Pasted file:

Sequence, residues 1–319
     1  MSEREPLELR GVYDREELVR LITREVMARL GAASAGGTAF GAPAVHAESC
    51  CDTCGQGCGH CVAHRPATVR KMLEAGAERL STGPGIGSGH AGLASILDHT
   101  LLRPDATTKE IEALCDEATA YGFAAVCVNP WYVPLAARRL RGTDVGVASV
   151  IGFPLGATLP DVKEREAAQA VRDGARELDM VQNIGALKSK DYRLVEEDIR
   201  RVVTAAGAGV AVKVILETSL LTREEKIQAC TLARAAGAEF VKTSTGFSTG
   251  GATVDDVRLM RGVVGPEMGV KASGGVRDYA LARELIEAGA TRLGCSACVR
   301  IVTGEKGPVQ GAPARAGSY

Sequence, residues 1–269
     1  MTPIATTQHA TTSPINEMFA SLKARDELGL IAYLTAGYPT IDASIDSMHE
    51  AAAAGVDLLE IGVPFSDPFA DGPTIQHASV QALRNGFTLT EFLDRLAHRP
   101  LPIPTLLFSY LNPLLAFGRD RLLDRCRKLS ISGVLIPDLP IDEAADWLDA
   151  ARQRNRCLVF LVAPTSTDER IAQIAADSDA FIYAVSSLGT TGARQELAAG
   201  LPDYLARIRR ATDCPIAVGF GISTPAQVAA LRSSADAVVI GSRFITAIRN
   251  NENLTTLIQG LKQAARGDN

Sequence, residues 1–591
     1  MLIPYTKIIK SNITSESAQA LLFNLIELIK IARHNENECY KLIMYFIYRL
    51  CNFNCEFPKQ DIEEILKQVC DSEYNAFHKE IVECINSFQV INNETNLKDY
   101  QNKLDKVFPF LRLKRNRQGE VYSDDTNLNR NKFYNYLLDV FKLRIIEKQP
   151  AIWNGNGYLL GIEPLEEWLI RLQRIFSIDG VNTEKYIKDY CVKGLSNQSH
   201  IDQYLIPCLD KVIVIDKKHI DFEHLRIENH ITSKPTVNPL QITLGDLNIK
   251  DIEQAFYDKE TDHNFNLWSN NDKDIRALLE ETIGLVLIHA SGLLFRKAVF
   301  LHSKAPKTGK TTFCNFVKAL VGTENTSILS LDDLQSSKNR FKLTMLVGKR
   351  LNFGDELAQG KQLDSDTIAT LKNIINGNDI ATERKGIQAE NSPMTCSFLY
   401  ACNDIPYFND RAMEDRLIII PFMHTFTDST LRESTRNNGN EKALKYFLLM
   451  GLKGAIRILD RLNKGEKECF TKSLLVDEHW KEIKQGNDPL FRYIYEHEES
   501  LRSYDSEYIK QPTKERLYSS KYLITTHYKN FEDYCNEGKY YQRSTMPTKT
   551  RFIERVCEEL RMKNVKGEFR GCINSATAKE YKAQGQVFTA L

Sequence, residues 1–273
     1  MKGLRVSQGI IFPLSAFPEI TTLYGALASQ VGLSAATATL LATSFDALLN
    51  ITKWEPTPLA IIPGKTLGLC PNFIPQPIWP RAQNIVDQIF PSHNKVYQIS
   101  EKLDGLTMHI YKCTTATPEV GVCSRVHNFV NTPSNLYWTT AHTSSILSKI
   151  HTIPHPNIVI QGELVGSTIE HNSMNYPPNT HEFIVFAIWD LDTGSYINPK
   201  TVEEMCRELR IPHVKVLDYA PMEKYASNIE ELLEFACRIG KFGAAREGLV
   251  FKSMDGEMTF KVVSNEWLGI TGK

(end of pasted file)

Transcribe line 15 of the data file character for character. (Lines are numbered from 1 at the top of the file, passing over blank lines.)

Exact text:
   251  NENLTTLIQG LKQAARGDN